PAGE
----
Earlier this week Mitchell posted about the importance of talking more openly about Mozilla’s public benefit status. I think that’s a good idea, but it’s been hard to do this since there hasn’t been a place with a clear mission statement. That’s fixed now.
I just posted a Mission page on mozilla.org that is a mash-up of pieces from several different places. This is certainly not the only expression of our mission and is not set in stone, but I hope it’s useful as a place to introduce people to this idea.
If you have any feedback on the text, please let me know. If you have feedback on the page itself also feel free to comment, but we haven’t had a chance to do much visually here and hope to do that soon.
The following is a digression on the history of this page—feel free to skip unless you enjoy historical digressions🙂
This is actually the second Mission page that’s been on mozilla.org. The first one dates from the very beginning of the project’s creation. It’s interesting to read since the community was so different then—the scope of the mission was much more narrow and was limited to providing technical coordination over code that other people would ship.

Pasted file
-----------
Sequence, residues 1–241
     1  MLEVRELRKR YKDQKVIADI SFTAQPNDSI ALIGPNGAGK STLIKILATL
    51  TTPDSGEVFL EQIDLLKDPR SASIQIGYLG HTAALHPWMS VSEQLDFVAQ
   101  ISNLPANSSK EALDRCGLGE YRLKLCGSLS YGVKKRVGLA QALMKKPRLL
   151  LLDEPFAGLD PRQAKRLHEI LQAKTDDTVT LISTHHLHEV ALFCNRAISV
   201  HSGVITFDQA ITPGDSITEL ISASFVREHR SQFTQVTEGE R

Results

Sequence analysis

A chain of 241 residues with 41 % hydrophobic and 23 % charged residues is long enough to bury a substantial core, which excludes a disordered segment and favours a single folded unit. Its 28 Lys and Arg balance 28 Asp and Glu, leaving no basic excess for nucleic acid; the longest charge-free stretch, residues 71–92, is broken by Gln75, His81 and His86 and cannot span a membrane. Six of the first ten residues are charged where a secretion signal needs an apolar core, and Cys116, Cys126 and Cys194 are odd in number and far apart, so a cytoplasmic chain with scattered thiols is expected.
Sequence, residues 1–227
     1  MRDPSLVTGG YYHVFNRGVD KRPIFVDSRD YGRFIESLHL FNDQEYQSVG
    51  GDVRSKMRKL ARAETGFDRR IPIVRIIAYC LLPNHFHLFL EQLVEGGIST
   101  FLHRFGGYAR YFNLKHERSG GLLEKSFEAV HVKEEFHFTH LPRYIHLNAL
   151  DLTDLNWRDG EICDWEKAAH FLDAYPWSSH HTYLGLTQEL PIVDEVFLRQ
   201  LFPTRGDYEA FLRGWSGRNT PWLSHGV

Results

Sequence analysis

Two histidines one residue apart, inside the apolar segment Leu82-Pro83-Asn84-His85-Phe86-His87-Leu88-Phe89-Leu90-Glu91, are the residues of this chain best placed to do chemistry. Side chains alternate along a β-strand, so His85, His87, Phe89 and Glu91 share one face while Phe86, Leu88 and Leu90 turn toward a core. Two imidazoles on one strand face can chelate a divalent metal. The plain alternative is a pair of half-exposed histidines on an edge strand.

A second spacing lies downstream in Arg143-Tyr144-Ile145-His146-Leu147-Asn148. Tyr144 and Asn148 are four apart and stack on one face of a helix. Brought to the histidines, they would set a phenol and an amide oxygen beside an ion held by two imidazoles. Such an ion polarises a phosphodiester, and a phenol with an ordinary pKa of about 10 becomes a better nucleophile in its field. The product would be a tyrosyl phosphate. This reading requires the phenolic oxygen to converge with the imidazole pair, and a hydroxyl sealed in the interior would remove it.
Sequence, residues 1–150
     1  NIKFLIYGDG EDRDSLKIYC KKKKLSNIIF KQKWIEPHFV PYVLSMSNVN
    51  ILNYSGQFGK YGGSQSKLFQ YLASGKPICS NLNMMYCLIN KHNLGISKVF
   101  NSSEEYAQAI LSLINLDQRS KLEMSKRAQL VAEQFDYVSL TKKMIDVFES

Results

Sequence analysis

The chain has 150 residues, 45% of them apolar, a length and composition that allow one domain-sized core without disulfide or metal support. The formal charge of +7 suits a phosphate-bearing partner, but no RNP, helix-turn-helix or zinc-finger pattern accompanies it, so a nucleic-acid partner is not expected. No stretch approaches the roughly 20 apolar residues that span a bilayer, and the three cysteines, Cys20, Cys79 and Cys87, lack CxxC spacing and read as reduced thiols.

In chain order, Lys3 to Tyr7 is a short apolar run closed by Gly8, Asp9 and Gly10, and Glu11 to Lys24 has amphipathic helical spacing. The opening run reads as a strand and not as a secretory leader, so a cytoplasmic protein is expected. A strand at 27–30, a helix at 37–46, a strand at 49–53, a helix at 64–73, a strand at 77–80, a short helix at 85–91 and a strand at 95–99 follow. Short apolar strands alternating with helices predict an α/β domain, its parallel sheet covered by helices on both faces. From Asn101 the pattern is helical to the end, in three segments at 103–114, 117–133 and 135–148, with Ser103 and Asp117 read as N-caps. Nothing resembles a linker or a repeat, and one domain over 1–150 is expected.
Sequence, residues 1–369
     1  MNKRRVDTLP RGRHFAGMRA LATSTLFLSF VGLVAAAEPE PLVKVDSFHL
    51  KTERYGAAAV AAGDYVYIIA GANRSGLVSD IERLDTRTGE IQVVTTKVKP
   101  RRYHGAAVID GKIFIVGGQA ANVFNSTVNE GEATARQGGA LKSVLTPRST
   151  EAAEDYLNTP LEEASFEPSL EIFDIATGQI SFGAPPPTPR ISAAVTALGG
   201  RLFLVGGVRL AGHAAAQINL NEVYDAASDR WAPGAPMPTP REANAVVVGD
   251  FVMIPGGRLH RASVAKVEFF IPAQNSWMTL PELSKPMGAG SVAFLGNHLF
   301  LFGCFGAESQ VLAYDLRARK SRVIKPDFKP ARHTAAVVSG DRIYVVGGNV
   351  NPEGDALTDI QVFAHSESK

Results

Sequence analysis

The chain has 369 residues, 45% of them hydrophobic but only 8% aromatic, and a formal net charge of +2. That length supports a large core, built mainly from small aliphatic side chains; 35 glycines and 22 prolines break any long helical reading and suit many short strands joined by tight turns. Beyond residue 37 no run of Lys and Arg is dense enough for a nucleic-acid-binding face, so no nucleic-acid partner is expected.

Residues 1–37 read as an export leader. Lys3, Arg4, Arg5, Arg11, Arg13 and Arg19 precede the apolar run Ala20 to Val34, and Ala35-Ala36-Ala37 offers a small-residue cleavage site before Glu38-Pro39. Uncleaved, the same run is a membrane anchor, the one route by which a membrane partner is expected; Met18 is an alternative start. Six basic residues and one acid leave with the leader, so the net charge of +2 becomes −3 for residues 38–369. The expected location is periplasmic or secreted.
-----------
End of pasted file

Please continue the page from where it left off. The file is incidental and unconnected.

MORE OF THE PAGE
That page was last updated five years ago though, so why haven’t we updated things before now? (You could say the Manifesto replaced that page but the Manifesto is certainly not a concise statement that you want to introduce new people to as their first experience of Mozilla.)
I think the old mission itself in some way has prevented us from being more clear about our new mission for fear that there would be confusion between the two (this was part of the thought process in having a section called ‘Our Causes’ on mozilla.org instead of just saying ‘Our Mission’). That original page is ancient history at this point though.
That’s not the whole reason why there hasn’t been an updated Mission page. It’s been important to have individual community members talk about the mission instead of trying to centralize things. There also seems to be some concern that being too upfront about our mission could be off-putting.
These last two issues are legitimate concerns. Having a mission statement shouldn’t prevent others from continuing to talk about the mission in their own terms, but it will be easier to point to than more ephemeral blog posts. For any concerns about having a more upfront message about the mission, I think it all just depends on how it is written and presented. We’ll keep working on it to make it better.